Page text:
BENNETT: Springston had dreams come true
It’s not every day of the week one gets a chance to listen to someone like Mike Springston.
However, such was the case on Tuesday for the Parkersburg High School football team of head man Mike Byus.
Springston, who coached for more than four decades which included a stop at Glenville State College as the offensive coordinator in 1991 with Rich Rodriguez, would’ve been worth the price of admission to listen to even if one had to pay.
At the age of 63 and now retired, Springston impressed upon the young Big Reds about dreaming and taking personal responsibility on a daily basis.
There’s not enough adjectives to even properly begin to describe Springston and what he’s experienced in life and meant to so many other people.
Although he didn’t graduate from PHS, he was born at St. Joseph’s Hospital and at the age of 7 he found himself in love with the game of football after going to watch the Big Reds practice.
“I’ll never forget how big those guys were,” Springston said. “I’d come and watch their practice and mill around.”
It was at that point in his young life he knew what he wanted to become.
“When I was 7 I had a dream, but I wasn’t ready for it,” he said.
Springston talked about a player he coached at Homewood Flossmore High School in Illinois and how he literally grew into his dreams.
The player was James Williams, who as a freshman in high school was so small the coaches were afraid he might get hurt in practice.
By the time he became a junior and grew to be 6-feet tall, Springston said he was a “great player” and then he ended up growing two more inches before his senior year. He had a solid 195-pound frame and the coach told the Big Red players how Williams had “become the quintessential high school athlete. Where did it all start? It was because he had a dream.”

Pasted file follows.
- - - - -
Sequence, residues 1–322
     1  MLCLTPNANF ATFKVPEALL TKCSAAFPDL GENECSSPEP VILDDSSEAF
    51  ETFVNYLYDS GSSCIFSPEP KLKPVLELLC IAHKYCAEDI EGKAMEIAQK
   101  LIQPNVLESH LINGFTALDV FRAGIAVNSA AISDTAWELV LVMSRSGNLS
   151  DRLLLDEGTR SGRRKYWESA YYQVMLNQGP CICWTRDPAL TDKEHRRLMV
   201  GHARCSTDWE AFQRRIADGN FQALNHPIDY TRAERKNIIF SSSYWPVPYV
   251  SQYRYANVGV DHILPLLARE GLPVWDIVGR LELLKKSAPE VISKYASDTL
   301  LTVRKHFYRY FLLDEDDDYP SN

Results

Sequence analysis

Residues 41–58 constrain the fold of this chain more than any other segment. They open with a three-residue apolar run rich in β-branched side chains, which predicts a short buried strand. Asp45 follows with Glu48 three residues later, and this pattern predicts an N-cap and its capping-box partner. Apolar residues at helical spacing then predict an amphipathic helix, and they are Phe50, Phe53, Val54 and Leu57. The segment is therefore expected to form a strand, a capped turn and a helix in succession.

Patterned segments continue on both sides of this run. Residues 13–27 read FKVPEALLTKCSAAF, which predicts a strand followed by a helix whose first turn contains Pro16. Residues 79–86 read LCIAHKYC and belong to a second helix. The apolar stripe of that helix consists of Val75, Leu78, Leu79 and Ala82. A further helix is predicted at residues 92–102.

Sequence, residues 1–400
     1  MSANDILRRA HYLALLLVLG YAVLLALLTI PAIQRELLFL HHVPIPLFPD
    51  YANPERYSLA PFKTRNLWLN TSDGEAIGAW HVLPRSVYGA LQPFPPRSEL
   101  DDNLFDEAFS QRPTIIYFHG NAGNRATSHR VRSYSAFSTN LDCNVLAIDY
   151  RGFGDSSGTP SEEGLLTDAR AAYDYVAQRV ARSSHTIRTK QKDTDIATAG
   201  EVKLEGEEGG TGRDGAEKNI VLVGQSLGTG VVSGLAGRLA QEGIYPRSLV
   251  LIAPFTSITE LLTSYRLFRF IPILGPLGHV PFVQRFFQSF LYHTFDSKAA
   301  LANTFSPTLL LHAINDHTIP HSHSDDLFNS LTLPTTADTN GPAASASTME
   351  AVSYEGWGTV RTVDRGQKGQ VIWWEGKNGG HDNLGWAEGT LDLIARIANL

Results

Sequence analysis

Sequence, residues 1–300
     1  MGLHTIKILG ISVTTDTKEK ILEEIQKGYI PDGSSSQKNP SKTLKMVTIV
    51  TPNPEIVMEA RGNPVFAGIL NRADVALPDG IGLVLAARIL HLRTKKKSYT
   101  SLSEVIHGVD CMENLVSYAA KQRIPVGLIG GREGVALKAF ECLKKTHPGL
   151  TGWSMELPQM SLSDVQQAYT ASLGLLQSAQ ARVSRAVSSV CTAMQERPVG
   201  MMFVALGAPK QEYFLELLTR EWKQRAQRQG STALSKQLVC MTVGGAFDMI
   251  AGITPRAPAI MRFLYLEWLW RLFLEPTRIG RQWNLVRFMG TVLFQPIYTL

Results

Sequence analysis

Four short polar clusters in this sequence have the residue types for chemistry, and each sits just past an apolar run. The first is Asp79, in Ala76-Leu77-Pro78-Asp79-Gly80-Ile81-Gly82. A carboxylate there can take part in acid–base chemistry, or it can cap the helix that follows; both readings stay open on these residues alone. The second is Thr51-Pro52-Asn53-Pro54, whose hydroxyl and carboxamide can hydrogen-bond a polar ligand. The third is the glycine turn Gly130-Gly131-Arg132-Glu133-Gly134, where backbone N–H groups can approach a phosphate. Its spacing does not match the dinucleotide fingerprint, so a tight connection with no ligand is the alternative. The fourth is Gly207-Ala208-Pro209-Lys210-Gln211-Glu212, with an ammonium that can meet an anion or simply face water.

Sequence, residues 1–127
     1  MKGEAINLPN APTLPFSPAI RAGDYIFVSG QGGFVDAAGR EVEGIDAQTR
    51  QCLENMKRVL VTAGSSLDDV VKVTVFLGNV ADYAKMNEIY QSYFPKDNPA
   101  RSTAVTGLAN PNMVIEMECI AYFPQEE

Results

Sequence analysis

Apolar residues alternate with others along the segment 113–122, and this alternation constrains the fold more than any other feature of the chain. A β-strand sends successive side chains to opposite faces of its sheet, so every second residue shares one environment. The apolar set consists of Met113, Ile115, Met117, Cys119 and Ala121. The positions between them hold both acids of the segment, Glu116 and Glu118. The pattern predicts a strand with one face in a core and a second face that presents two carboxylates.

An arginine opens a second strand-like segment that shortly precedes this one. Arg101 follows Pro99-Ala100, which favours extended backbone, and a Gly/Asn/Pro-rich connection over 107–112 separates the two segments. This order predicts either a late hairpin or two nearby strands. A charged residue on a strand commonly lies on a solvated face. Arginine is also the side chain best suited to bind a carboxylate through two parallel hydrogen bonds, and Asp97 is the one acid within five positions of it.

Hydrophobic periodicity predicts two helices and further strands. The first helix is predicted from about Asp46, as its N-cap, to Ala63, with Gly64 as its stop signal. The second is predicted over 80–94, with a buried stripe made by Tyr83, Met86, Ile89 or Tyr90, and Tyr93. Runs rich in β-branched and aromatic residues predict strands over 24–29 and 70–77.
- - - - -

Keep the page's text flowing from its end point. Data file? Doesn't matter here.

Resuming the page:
That dream eventually led to Williams receiving a full scholarship to the University of Illinois where he starred as a defensive back.
“There is no question that Parkersburg is the place that has had and left an indelible print upon my life and upon what I would later do for a profession,” Springston said. “This program way back to the Russ Parsons and the Buddy James days and right into coach Byus, a guy I’ve known for years, has just been something I’ve had ultimate pride in. Obviously, the whole purpose of life period is to be able to help other people. We spend so much time trying to make sure we’ve helped ourselves and our family.
“But I learned, I have learned, that coaching is a means to get other people to realize their dreams and to realize the possibilities of their dreams. As I come and talk to young people around the country, whether I’m speaking like this motivationally or preaching, I’m simply sharing the message that your dream can be a reality and I am the reality of my dreams. It’s a blast to do. I watched their faces and they are so engaged with what I’m saying.”
Before his family moved to North Carolina when he was 9, Springston vividly recalled climbing up behind the scoreboard to watch games.
“It was a great seat because it was higher than anybody else and we weren’t very big then,” he said.
Springston, who had copies of his first published book on hand to sign, said he sent coach Byus the first five chapters to look over. After Byus read it he invited Springston to come talk to the Big Reds, which actually had been set up since May.
“My original intent with the book “I Surrender” was to do this very thing with colleges and high schools and then of course COVID-19 hit,” Springston added. “I think having this particular situation with what you are doing and what Mark (Martin) is doing and the word of mouth that will get out the more of these will come about.
“That was my goal when I wrote the book. The book wasn’t necessarily written to just be a book. It was meant for me to go into these type of settings, give a motivational talk and then share the book.”
If you get a chance to hear Springston talk, I’d suggest taking advantage of it.
Contact Jay Bennett at email@example.com